There was equal strength in the solo spots throughout Simply Sondheim. Hough excelled in her renditions of “Now You Know,” and the lyrical gem from the film REDS, “Goodbye for Now.” Colby was a charming Jack (from Into the Woods) singing to his plastic cow for “I Guess this is Goodbye.”
Into the Woods was also represented by Waters’ lovely soprano voice bringing Cinderella’s “On the Steps of the Palace” to life. Scanlan, seen in the recent Sunday in the Park with George, lent his soaring baritone to the artful “Finishing the Hat,” one of the show’s magnificent arias.
Migliaccio recreated her turn as Mrs. Nellie Lovett from Signature’s second season production of Sweeney Todd and slid right back in to the flour-caked apron. She also got to land two gold standard numbers for a seasoned leading lady and made them her own: “Could I Leave You?” and “The Ladies Who Lunch.”
And then, last but not least, there is Bobby Smith. Like Fred Astaire or Gene Kelly, he always makes song and dance look easy. Smith is a better singer than Astaire or Kelly, and we have him live onstage at Signature where he shines in “The Right Girl,” the heartbreaker from Follies.
Together as an ensemble, from the clever mash-up of “Merrily We Roll Along” and “Bounce” that opens the show, and the gorgeous choral anthem “The Hills of Tomorrow,” these performers elevate already choice material.
Audiences can also expect selections from Passion and Road Show – two of Sondheim’s least successful musicals – and his first complete score where music and lyrics bore his name, Saturday Night. Sondheim aficionados can debate the finer points of the individual songs or shows from whence they hail, but I am an easy mark. I just sat back and reveled in the excellent performances and utter musicianship of the orchestra.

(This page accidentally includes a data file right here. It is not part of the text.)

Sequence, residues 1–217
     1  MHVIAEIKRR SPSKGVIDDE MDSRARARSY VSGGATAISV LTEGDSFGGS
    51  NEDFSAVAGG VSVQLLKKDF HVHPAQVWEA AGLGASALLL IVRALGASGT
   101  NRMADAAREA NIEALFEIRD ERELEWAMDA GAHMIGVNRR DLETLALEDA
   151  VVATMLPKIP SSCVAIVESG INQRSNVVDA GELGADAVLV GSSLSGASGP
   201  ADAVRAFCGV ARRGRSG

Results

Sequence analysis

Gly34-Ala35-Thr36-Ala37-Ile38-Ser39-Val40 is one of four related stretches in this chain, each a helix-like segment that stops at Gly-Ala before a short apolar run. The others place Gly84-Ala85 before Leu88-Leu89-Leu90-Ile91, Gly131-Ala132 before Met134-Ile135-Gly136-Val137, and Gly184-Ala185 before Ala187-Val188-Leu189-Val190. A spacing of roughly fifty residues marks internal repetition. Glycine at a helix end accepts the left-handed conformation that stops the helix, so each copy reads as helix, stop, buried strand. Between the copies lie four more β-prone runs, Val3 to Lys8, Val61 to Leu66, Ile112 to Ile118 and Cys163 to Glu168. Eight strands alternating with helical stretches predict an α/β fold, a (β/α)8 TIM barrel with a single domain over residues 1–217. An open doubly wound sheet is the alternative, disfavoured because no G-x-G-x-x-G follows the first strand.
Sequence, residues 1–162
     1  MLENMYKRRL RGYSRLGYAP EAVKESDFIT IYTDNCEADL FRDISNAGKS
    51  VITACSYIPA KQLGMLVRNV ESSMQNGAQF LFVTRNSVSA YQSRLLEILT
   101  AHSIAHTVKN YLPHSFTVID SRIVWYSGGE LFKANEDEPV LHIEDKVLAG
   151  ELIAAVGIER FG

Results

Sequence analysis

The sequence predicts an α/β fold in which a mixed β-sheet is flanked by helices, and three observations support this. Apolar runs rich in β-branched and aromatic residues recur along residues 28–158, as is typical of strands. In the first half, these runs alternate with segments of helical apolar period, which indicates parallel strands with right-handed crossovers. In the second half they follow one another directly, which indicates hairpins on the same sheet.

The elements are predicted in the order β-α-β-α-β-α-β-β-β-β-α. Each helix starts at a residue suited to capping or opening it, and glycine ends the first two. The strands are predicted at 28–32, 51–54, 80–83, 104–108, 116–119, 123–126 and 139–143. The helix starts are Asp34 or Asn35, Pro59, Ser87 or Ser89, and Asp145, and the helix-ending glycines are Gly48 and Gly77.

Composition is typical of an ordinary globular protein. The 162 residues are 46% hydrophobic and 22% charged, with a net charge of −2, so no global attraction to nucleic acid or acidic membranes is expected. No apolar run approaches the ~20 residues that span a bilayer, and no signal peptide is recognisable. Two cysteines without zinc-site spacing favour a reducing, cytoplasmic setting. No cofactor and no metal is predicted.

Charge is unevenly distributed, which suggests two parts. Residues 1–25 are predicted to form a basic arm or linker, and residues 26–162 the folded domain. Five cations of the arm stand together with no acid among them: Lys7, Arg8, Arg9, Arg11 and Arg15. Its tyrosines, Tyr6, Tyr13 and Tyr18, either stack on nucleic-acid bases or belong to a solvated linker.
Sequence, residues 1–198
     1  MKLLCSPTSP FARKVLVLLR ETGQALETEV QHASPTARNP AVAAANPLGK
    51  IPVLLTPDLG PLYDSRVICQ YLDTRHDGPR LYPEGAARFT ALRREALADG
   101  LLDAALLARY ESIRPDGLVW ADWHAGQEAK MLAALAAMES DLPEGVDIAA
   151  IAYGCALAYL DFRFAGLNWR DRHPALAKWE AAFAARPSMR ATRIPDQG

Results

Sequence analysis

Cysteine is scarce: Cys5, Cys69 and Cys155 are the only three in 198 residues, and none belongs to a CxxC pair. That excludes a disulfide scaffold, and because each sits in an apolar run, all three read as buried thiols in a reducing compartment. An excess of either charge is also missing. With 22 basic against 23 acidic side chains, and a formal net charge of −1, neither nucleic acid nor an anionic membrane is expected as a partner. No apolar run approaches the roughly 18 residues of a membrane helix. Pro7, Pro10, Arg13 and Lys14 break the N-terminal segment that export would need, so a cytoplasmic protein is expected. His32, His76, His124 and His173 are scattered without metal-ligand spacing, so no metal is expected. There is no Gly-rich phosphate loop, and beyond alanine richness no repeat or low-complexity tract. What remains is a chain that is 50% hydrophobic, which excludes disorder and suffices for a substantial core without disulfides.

April 2 – 19
4200 Campbell Avenue
2 hours, 15 minutes with 1 intermission
Tickets: $29 – $89
Tuesdays thru Sundays
Tickets or call 703 820.9771
No scenic designer is credited in the program, but the stage is swathed in bolts of stretched cloth, on which Rob Denton’s atmospheric lighting design plays. And Kalbfleisch and his orchestra, rather than being placed offstage, rightfully share the stage with the six-person cast.
Stephen Sondheim has been very good for Signature Theatre. Conversely, Signature has been very good to Mr. Sondheim’s work. It was certainly fitting that the Tony Award-winning regional theatre with such a long history of producing Sondheim’s work would produce something special during their 25th season. Simply Sondheim works beautifully as a tribute to the composer-lyricist and as an extension of Signature’s long relationship with him.
Simply Sondheim . Music and Lyrics by Stephen Sondheim . Co-Conceived by David Loud and Eric Schaeffer . Directed and Choreographed by Matthew Gardiner . Featuring Austin Colby, Kellee Knighten Hough, Donna Migliaccio, Paul Scanlan, Bobby Smith, and Stephanie Waters . Orchestrations by Jonathan Tunick . Musical Supervision and Vocal Arrangements by David Loud . Musical Director: Jon Kalbfleisch . Costume Designer: Kathleen Geldard . Lighting Designer: Robert Denton . Sound Designer: Lane Elms . Production Stage Manager Kerry Epstein . Production Assistant Becky Reed . Produced by Signature Theatre . Reviewed by Jeffrey Walker.